Constitutional Court President Mauricio Gonzalez announced Friday that the court voted 7 to 2 against the referendum to allow Colombian President Alvaro Uribe to run for a third term and called the document “unconstitutional in its entirety”.
Gonzalez said that the court found law 1354, 2009, created by the government in order to call the referendum, to be unconstitutional. Thus they found the whole referendum, by default, to be unconstitutional.
The constitutional court’s decision did not only block a president from running for a third term, it also blocks a former president from campaigning again to regain the president’s office.
Gonzalez said that the court was fundamentally concerned with precedents the referendum might set, adding that at stake was a question of “reforming, not substituting” the constitution. The way that the referendum was conducted did not just possess irregularities, he said, but serious violations.
Gonzalez cited also cited errors within the processing of the referendum itself.
The first was that the financing of the referendum. Gonzalez said that funding received to finance the referendum was 30 times over the legal financial cap permitted.
The second pertains to the text of the referendum. Following the re-collection of signatures, the Senate changed the text of the referendum, disregarding a previous vote in the House to disallow a change in formulation. Gonzalez said the court ruled this to be unconstitutional.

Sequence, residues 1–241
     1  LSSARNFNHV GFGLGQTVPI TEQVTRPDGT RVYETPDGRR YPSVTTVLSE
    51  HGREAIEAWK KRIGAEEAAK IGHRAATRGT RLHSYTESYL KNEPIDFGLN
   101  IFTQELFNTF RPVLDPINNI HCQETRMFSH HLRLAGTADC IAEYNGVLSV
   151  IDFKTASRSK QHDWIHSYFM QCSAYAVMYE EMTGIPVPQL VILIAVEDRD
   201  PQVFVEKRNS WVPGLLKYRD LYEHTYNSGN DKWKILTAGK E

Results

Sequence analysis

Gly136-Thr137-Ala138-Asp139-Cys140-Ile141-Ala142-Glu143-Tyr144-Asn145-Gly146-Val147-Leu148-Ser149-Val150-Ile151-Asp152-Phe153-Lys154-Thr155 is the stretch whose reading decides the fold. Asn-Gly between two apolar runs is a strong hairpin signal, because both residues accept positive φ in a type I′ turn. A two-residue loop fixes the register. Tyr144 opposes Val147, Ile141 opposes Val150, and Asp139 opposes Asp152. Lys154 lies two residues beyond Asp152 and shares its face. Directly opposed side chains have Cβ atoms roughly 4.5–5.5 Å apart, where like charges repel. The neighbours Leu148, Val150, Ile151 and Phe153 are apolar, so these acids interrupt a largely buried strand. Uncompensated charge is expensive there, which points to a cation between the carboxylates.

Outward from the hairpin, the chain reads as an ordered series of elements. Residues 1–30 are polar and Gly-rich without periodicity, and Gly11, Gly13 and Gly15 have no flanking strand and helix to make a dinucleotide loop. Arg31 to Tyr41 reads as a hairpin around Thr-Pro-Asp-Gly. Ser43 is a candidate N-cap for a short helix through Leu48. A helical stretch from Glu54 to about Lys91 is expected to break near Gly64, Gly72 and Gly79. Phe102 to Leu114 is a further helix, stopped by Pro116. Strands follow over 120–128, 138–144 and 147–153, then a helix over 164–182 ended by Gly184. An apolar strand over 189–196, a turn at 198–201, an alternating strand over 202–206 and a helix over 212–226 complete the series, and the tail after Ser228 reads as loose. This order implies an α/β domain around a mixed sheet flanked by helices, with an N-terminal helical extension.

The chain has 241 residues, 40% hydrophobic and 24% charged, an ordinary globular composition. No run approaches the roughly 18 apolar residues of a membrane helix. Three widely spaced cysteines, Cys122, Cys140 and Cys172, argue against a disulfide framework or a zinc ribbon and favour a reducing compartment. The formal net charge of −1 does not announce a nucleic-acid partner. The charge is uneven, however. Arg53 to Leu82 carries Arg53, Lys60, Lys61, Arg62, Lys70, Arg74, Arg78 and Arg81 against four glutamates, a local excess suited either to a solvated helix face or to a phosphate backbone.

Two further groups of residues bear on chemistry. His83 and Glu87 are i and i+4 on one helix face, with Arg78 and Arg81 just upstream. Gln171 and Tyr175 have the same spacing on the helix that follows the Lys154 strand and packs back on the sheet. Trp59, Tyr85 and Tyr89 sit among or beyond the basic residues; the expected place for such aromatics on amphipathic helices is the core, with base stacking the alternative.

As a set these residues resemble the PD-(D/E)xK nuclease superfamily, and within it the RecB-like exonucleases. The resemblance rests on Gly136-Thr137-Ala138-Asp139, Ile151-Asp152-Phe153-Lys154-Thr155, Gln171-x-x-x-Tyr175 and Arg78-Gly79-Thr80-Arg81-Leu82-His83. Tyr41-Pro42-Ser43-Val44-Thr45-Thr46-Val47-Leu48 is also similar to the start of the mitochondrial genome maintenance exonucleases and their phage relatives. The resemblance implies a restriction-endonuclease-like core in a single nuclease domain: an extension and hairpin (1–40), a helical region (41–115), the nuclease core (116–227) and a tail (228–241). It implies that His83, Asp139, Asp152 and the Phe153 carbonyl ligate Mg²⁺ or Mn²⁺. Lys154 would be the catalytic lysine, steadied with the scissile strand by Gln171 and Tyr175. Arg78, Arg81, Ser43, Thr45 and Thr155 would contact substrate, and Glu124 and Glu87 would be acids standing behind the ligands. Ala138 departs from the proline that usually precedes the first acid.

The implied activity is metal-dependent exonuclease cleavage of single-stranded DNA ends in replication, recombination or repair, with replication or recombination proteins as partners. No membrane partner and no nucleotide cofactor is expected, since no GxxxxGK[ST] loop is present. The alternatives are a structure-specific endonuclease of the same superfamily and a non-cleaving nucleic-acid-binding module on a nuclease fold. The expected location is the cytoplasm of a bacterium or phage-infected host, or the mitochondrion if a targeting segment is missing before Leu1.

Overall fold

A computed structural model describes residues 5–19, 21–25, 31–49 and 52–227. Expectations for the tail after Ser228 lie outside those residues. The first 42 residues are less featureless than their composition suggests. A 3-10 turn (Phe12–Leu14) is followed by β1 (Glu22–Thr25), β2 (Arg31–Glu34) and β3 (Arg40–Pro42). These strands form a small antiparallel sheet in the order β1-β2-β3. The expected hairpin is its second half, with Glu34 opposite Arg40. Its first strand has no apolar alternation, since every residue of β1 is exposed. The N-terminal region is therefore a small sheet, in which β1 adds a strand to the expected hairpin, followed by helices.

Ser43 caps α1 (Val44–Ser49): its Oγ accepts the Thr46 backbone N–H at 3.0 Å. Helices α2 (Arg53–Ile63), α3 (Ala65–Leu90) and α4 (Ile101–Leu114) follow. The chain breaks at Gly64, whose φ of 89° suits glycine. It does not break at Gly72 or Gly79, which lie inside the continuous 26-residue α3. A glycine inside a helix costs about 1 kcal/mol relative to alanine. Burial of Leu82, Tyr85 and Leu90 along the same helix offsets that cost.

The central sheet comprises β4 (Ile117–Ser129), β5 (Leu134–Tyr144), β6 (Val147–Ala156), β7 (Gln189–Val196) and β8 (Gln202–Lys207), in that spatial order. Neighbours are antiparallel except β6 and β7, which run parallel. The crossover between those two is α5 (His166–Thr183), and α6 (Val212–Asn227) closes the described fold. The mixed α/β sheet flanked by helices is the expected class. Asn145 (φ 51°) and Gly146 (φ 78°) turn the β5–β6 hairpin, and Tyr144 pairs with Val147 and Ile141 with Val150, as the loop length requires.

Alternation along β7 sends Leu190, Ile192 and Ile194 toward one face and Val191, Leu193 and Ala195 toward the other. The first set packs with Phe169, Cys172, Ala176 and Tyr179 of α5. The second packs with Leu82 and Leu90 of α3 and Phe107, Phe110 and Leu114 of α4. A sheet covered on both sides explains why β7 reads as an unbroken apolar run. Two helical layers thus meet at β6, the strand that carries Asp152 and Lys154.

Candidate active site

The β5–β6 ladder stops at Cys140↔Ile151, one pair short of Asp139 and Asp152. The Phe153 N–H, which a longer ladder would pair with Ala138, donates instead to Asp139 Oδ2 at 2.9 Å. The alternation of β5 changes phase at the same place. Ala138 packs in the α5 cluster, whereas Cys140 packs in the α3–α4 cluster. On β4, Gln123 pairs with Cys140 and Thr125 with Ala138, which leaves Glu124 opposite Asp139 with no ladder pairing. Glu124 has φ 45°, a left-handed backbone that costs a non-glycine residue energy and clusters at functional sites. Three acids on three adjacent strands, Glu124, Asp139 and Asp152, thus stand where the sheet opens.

These finding support the recommendations of Magistrate Humberto Sierra, who was appointed by the court to examine the referendum’s constitutionality.
Gonzalez stressed that none of the magistrates felt political pressure as a result of the referendum’s rejection.
Following the court’s ruling, Uribe’s coalition will have to seek a different candidate for the presidential elections on May 7.
They announced Thursday that they will register former Defense Minister Juan Manuel Santos as their presidential candidate
Uribe sought to run for a third term in office, which is prohibited by the constitution. The Constitutional Court studied the referendum bill which proposed allowing Uribe to stand for his second re-election, to determine if the document were constitutional.
Guillermo Mejia, a former electoral magistrate who studied the constitutionality of the 2006 referendum which allowed Uribe to run for his second term, told Colombia Reports that the referendum essentially failed to pass because it fundamentally went against the procedures laid out in the 1991 Constitution.
“There are three ways that the Constitution can be reformed,” he said. “The first is through Congress. The second is through a referendum, and the third is through a constituent’s assembly. And what the Constitution of 1991 also establishes is that when committing to a referendum, only a certain amount of money can be spent in collecting the signatures. And basically what’s going on is that the promoters of the referendum violated all these laws.”
“The defenders of the referendum are saying, the people are behind this,” Mejia added. “Well, of course they are. But then those who say they are defenders of the people are in fact violating what the people said in 1991.”